When the signal strength of the network is too weak, WiFi Analyzer cannot complete the association request with the access point and the attempt to connect fails.
- The status of the network says "Connected" but I have no access to the Internet. Why?
In some cases, a network may have been configured to use protection by MAC address. If this is the case, WiFi Analyzer can complete the association request and connect successfully, but it cannot get an IP address from the access point if the MAC address of the device is not in the list of allowed addresses. If you can request access to the network's administrator, just provide him/her with the MAC address of the device that can be found in the "About" option of the "Settings" tab. Once the MAC address is entered in the access point, try again to connect.
- Where did the channel allocation graph go?
The graph didn't go anywhere! Just tap over the list of found networks, where it says "Access Points in Range".
Ping Analyzer is an easy to use graphical network ping tool that provides real-time average, minimum and maximum round-trip times (RTT), jitter and Mean Opinion Score (MOS) estimation.
Same as other ping tools for the iPhone,
uses Internet Control Message Protocol (ICMP) Echo Request and Echo Reply packets to determine the availability and response time of a target machine. The key difference from other tools is that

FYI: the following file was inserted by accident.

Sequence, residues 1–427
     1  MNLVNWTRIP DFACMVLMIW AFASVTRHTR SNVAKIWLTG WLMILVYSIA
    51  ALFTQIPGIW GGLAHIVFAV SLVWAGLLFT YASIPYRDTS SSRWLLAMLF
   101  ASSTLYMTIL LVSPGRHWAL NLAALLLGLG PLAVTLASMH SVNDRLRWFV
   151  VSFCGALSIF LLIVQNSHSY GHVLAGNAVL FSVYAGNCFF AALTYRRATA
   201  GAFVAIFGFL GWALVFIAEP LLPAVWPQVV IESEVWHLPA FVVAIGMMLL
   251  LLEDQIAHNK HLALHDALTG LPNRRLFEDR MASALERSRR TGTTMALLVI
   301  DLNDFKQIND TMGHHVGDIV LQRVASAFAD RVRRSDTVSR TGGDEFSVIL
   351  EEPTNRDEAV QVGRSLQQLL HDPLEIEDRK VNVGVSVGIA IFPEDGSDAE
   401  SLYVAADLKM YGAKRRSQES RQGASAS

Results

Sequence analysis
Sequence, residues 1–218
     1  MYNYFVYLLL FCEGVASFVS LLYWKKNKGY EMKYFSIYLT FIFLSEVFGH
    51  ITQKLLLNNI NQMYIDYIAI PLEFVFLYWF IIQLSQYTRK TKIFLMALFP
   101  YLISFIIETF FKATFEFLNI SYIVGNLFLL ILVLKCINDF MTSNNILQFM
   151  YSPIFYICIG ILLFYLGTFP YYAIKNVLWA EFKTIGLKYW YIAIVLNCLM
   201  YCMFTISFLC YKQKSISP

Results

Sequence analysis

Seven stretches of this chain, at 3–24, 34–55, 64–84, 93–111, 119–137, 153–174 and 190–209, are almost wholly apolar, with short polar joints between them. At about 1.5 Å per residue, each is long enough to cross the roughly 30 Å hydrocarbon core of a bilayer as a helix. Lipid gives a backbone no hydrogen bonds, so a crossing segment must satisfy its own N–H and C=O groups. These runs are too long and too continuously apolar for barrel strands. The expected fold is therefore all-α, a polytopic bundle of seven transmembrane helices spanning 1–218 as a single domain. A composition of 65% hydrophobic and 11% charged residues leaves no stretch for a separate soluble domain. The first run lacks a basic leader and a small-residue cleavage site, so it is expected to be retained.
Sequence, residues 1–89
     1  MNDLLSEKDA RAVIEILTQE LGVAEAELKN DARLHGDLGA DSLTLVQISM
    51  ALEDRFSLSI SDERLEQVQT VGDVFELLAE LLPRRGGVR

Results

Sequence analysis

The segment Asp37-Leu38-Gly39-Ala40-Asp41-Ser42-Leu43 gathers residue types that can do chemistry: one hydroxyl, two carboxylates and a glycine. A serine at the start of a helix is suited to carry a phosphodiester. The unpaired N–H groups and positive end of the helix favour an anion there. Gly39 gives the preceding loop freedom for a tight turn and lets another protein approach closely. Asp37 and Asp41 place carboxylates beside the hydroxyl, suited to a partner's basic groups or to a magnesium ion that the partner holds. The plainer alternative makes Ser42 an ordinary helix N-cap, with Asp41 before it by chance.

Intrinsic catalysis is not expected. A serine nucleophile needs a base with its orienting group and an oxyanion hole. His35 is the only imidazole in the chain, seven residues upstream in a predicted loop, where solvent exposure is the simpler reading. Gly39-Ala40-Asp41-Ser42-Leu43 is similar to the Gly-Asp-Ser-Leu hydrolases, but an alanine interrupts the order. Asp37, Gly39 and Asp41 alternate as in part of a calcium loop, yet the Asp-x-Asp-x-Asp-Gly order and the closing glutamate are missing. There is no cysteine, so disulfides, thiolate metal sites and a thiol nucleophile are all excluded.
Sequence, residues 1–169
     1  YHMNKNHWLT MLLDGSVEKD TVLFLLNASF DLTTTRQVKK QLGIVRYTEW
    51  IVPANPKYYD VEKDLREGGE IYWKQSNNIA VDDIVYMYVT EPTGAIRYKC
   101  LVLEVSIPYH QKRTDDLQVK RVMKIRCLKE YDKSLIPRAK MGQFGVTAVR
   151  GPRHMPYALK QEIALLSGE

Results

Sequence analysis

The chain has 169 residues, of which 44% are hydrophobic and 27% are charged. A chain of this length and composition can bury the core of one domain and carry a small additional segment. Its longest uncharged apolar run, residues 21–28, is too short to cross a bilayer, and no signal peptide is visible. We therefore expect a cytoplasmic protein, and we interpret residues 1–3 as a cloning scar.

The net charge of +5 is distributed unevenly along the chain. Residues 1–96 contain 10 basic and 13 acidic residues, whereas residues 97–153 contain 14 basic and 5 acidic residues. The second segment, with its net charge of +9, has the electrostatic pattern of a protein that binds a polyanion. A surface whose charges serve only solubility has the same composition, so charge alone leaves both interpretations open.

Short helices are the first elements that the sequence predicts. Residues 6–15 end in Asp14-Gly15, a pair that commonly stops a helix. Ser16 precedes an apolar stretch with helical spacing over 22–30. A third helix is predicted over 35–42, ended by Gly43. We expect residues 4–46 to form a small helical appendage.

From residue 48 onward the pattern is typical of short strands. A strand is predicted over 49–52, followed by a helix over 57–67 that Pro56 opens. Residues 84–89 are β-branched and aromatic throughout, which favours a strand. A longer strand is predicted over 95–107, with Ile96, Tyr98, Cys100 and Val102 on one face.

does not emulate the output you would get on any computer by running the original ping command, for example:
user@desktop:~$ ping www.google.com
PING www.l.google.com (126.96.36.199) 56(84) bytes of data.
64 bytes from 188.8.131.52: icmp_seq=1 ttl=55 time=9.50 ms
64 bytes from 184.108.40.206: icmp_seq=2 ttl=55 time=9.50 ms
64 bytes from 220.127.116.11: icmp_seq=3 ttl=55 time=8.24 ms
64 bytes from 18.104.22.168: icmp_seq=5 ttl=55 time=7.81 ms
64 bytes from 22.214.171.124: icmp_seq=6 ttl=55 time=8.02 ms
64 bytes from 126.96.36.199: icmp_seq=8 ttl=55 time=7.99 ms
For a few packets it is easier to determine that some of them were lost, but when you let the command run for a while, you will see that doing such a thing becomes more and more cumbersome. Wouldn't be nice to have a summary showing, for example, a percentage of successful packets and average response time? Sure, you can get this with other iPhone ping tools, but not until you stop pinging the target machine! In this case, you will get something like this:
--- www.l.google.com ping statistics ---
8 packets transmitted, 6 received, 25% packet loss, time 55133ms
rtt min/avg/max/mdev = 7.687/8.288/10.094/0.751 ms
Why would you want to stare to a bunch of lines when you have a nice display in your iPhone? With
you not only have a graphical representation of actual response times and packet delivery rate, but you also get real-time statistics while you ping a host.
lets you quickly enter the host name (or IP address) of the host you wish to ping. You can also adjust the number of ping requests that will be sent, the time interval between packets and the maximum IP Time-To-Live (TTL) of outgoing packets.
For more information or to get technical support send an email to: firstname.lastname@example.org